I am sure she is corrupted and has been payed for the report.
    To the attention of Mss. Donatella Rovera,

    The Most Bloody and Barbaric Nation in the Universe is Turkish.
    They killed:
    ⦁ 1.5 Million Armenians.
    ⦁ Thousands of thousands of Greeks.
    ⦁ Thousands of thousands of Bulgarians.
    ⦁ Millions of Kurds.
    Turkey is not much better than ISIS
    Turkey should be kicked out from NATO and punished severely
    PKK is not a terrorist.
    Turkey is the only terrorist.
    I believe Afghanistan Taliban is more reliable and compatible than Turkey to be a member of the European Union.
    Bulgarian genocide
    More than 5,000 of the 7,000 inhabitants of the Bulgarian town of Batak, including women and children, were raped, slaughtered, beheaded or burned alive by Ottoman irregulars who left piles of dead bodies around the town square and church in 1876, giving start of the April Uprising.
    The Greek genocide, part of which is known as the Pontic genocide, was the systematic ethnic cleansing of the Christian Ottoman Greek population from its historic homeland in Asia Minor, central Anatolia, Pontus, and the former Russian Caucasus province of Kars Oblast during World War I and its aftermath (1914–23). It was instigated by the government of the Ottoman Empire against the Greek population of the Empire and it included massacres, forced deportations involving death marches, summary expulsions, arbitrary executions, and destruction of Christian Orthodox cultural, historical and religious monuments. According to various sources, several hundred thousand Ottoman Greeks died during this period.[3] Some of the survivors and refugees, especially those in Eastern provinces, took refuge in the neighbouring Russian Empire. After the end of the 1919–22 Greco-Turkish War, most of the Greeks remaining in the Ottoman Empire were transferred to Greece under the terms of the 1923 population exchange between Greece and Turkey. Other ethnic groups were similarly attacked by the Ottoman Empire during this period, including Assyrians and Armenians, and some scholars consider those events to be part of the same policy of extermination.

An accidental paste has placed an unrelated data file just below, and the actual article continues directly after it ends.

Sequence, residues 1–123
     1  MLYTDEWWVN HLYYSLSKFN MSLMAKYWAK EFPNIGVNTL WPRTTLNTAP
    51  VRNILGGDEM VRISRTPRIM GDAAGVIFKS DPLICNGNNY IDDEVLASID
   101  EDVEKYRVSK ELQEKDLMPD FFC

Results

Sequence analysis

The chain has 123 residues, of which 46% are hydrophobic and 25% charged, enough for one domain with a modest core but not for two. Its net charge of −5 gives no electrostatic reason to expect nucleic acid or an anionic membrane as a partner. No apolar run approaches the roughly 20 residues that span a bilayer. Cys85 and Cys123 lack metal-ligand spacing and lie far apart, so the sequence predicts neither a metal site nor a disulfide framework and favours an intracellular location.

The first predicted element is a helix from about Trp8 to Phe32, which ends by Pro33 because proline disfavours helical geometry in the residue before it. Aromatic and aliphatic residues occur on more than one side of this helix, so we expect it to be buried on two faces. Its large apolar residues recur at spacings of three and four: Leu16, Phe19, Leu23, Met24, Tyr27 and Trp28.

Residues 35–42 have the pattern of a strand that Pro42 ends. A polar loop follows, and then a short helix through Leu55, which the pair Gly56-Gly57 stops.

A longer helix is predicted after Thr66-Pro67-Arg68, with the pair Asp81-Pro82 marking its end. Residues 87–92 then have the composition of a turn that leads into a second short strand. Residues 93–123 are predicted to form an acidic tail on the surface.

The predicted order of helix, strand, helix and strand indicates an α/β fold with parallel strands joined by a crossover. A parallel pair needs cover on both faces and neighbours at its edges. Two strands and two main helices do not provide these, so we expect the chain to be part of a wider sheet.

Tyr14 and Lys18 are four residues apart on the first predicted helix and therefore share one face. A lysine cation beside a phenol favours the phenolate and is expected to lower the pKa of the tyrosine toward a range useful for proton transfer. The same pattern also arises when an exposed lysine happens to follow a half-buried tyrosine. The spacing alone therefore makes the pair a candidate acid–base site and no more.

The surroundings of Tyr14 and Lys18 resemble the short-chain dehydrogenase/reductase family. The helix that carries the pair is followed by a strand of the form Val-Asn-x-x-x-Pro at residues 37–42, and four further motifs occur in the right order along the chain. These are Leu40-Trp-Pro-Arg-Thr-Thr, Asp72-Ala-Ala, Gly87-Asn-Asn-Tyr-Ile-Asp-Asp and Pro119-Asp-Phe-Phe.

Armenian genocide
    In April 1915 the Ottoman government embarked upon the systematic decimation of its civilian Armenian population. The persecutions continued with varying intensity until 1923 when the Ottoman Empire ceased to exist and was replaced by the Republic of Turkey. The Armenian population of the Ottoman state was reported at about two million in 1915. An estimated one million had perished by 1918, while hundreds of thousands had become homeless and stateless refugees. By 1923 virtually the entire Armenian population of Anatolian Turkey had disappeared.
    Kurd genocide
    Since the Armenian genocide, Turkey has done very well to hide and disguise its dark history from the international community. But a shady past rarely dawns a bright future.
    Instead, Turkey is re-branding itself with Europe-friendly terms to essentially get rid of what it has always wanted to be rid of. Turkey’s tidy up of its language: words with a distinct Kurdish origin wiped out and replaced. Indeed, anything that is not strictly Turkish has been linked to “terrorism” – a trigger word guaranteed to win the sympathies of the international community.
    The Turkish constitution does not recognise Kurds in Turkey, and so often labels them as terrorists, providing a convenient scapegoat for military uprisings and other political issues. Thus, “terrorist” becomes a synonym for Kurds.
    Turkey frequently argues that the PKK is a terrorist organisation; hence all Kurdish organisations are banned for what they may imply.
    Kobani-Syria
    Turkey committing genocide campaign against the Kurd in South Turkey and in Syria using ISIS (Supporting ISIS by all means).